Hello authors, and welcome to the middle of the week. There are lots of exciting events coming up and happening now for the Sword & Silk family, but today, we will continue in vein from earlier this month on the subject of representation in Fiction. The first post I did centered around the importance of authenticity in own voices and how there is a vast spectrum of cultural experience within a minority group. The same can be said of Mental Health where diagnoses and experiences can be greatly varied. Depression can be experienced from mild to crippling. Due to how mental illness and disability often find themselves lumped together, I want to note that Mental Health and Neuro Divergence are two very separate fields. A great many neuro divergent individuals do suffer from mental health issues, but a neuro divergent condition like Autism is not a mental illness.
May is Mental Health Awareness month and I've touched on the topic before right about this time last year when I discussed the Stigma surrounding mental health and the negative connotations of representation surrounding it in our fiction and media. I want to take that a step further. Accurate and honest mental health representation in fiction is critical to changing the conversation surrounding our societal view of mental health. I'm not pinning it all on our fiction, that would be simply irresponsible. There is a lot we still need to tackle on the mental health front, particularly how employers view the seriousness of mental health vs physical health (neither are handled all that great in the States, let's be honest here), and the availability of mental health services to the general population.
Our fiction is often our focal point when it comes to societal issues, a lens to experience and understand viewpoints outside of our own, hence why authentic voices are so important. This includes representation for mental health which has been notoriously vilified and stigmatized in the past. To put a fine point on it through example, we adopted common phrases of 'she's a psycho' or 'He's a sociopath' into our everyday language when referring to people who display negative behaviors. Our portrayals of villains and 'bad guys' in our stories and media often attribute a mental illness to these characters, ignoring the very real mental conditions behind them and that people do have these mental conditions that they manage every day. Horror is particularly guilty of this move (Midsommar immediately comes to mind here). Mental illness is not inherently good or evil, but when every portrayal of a mental condition is attached to an 'evil character' our perception becomes skewed.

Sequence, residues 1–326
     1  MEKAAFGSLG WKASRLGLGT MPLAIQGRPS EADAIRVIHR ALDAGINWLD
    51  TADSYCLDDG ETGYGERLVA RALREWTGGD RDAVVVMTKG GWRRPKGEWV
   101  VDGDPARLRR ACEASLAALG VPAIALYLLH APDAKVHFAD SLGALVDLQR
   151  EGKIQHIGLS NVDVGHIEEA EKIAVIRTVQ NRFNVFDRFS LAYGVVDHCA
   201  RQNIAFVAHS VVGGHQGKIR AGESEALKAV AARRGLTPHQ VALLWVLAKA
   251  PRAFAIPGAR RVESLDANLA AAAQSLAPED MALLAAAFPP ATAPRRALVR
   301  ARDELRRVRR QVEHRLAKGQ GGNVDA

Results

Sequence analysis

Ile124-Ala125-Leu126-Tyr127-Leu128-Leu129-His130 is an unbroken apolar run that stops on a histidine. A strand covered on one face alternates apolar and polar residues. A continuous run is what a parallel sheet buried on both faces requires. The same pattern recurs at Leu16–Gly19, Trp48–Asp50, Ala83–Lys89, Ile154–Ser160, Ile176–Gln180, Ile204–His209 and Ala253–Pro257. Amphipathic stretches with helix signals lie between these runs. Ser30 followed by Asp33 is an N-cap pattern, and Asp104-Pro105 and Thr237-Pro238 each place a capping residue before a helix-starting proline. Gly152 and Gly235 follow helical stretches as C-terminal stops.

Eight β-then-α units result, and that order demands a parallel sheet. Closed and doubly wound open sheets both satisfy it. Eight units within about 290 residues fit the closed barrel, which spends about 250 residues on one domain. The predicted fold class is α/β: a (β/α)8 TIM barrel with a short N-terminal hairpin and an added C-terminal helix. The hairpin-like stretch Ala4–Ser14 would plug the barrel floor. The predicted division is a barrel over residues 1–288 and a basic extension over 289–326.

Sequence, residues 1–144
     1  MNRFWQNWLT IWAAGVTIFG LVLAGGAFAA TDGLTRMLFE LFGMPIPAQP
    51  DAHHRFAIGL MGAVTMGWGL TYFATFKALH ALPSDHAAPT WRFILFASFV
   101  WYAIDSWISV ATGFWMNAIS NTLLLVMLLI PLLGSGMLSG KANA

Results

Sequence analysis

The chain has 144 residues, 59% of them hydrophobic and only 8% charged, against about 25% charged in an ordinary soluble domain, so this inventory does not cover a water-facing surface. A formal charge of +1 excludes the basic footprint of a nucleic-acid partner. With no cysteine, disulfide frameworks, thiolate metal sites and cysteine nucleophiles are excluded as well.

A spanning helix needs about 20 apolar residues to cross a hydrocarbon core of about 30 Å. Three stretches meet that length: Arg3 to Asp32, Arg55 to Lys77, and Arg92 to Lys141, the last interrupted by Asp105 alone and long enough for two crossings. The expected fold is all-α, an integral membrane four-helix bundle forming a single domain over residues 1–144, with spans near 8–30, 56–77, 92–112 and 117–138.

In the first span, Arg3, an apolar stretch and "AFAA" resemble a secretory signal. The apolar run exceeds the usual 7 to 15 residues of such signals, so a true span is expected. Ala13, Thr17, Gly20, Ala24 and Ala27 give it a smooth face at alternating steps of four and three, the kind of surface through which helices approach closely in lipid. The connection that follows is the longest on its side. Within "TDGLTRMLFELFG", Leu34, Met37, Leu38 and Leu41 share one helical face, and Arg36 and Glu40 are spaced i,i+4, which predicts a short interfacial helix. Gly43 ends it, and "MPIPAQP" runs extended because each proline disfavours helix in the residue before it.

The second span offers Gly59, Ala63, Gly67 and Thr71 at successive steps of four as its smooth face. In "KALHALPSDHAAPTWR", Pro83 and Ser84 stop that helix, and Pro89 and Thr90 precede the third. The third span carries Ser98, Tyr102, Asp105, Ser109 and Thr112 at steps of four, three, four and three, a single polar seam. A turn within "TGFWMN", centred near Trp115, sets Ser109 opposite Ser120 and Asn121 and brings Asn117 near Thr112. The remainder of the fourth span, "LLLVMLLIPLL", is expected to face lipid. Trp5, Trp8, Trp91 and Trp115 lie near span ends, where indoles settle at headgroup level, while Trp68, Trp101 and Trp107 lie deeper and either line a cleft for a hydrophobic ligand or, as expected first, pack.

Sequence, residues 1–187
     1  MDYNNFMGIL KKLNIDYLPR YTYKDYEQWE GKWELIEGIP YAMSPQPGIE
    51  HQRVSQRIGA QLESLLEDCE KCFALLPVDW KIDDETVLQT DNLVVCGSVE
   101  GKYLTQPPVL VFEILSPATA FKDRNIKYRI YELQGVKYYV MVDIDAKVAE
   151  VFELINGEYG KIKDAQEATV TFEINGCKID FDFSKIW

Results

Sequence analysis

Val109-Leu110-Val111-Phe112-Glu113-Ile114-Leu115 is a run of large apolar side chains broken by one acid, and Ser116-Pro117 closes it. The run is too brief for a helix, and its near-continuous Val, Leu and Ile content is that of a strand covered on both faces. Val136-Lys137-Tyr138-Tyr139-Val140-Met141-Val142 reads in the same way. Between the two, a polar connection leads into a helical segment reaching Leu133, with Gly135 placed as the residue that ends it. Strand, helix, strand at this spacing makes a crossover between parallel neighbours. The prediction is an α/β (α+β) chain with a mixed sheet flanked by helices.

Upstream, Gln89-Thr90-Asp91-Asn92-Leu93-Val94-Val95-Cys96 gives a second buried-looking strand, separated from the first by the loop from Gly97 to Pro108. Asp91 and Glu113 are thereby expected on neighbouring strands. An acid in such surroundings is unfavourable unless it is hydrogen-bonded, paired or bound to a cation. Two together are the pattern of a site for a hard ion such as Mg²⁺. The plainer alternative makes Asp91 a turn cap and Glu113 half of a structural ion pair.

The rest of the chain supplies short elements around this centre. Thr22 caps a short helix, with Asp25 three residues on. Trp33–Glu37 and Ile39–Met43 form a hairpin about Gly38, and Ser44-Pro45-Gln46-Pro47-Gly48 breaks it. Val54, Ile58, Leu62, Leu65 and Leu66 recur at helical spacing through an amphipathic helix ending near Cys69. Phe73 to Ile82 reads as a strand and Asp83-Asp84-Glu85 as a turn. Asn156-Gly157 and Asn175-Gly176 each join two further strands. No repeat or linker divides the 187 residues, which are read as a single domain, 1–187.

Stories can serve as the first entry point of collective knowledge. We may encourage people to look beyond that initial point, but first impressions are lasting. Even if every story released from this point on portrayed mental health and illness in an accurate, compassionate, and even positive fashion, it would still take years to undo the stigma surrounding it. We have to start somewhere and we can nurture those seeds of change by continuing to push for diverse and accurate representation in fiction.
Resources & Further Reading
Join us at the US Book Show as our authors discuss Mental Health & Disability Representation in Fiction today at 4:30 PM EST. There will also be an acquisitions chat with the Pub Team at 1:30 PM EST!